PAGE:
Computer Vision Jobs in San Francisco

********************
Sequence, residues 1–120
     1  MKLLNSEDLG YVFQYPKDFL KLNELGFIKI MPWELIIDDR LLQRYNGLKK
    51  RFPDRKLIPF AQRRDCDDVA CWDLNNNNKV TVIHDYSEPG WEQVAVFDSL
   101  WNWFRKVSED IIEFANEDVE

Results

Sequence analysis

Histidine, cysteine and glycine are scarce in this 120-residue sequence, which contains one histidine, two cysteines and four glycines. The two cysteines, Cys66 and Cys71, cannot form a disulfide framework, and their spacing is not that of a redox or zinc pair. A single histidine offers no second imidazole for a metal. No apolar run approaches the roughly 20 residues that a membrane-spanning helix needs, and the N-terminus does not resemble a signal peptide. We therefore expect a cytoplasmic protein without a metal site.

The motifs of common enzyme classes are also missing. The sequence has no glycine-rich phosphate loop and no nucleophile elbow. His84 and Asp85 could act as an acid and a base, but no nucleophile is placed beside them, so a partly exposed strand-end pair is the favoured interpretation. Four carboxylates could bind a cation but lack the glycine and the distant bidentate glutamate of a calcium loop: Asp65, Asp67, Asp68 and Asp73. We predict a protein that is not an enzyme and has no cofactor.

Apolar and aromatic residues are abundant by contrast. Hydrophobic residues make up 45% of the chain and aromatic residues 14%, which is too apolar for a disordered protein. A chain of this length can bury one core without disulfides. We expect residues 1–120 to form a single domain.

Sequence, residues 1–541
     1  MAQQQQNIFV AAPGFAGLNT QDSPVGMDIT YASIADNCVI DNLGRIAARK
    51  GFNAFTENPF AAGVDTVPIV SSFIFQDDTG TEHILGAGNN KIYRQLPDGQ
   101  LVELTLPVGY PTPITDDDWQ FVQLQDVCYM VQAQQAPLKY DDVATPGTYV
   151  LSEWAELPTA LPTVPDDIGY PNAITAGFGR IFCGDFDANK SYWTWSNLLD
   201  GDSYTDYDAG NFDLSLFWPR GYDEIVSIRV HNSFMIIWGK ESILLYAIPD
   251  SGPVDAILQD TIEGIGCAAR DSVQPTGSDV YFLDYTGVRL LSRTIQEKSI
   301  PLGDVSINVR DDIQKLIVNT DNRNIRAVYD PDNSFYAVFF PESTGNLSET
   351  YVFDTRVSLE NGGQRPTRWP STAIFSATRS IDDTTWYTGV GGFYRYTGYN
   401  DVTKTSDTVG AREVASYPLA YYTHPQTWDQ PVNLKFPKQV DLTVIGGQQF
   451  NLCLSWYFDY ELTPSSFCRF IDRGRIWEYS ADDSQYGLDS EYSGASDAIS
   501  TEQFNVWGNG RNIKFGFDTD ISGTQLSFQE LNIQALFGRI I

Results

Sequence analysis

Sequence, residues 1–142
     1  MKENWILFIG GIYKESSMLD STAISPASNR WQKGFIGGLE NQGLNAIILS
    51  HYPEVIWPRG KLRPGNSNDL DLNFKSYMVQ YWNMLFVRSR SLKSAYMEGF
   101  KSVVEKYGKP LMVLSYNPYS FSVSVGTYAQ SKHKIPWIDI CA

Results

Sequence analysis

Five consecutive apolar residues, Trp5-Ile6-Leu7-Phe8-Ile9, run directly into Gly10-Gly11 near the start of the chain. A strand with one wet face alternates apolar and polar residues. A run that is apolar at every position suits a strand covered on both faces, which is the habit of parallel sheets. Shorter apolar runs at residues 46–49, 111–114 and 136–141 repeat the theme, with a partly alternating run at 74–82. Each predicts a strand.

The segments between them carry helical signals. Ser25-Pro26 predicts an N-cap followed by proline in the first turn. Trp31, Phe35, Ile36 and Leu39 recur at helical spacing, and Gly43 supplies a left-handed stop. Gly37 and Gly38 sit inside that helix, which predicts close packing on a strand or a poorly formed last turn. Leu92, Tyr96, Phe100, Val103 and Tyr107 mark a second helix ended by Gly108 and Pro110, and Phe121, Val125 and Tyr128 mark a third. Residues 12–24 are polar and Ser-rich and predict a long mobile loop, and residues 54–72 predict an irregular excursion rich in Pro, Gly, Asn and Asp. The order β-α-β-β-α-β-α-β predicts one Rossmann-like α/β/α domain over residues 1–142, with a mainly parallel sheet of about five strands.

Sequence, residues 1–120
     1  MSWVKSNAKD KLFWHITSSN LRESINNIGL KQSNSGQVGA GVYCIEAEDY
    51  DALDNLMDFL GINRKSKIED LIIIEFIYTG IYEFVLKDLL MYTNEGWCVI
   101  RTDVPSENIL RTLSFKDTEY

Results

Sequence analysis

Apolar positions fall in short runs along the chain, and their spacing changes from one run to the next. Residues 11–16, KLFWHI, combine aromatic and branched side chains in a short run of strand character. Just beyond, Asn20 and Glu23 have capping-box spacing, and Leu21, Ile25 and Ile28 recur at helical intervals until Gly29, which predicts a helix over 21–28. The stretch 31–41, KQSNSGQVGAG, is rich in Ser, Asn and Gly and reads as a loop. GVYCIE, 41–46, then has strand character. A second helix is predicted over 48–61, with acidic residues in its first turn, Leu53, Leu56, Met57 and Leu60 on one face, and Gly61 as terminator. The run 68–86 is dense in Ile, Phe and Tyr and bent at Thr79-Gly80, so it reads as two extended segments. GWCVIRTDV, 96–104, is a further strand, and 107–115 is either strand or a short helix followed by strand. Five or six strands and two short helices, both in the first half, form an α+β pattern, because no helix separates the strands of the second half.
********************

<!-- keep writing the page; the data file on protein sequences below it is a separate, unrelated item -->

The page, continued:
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Reflections On The Watermark Conference For Women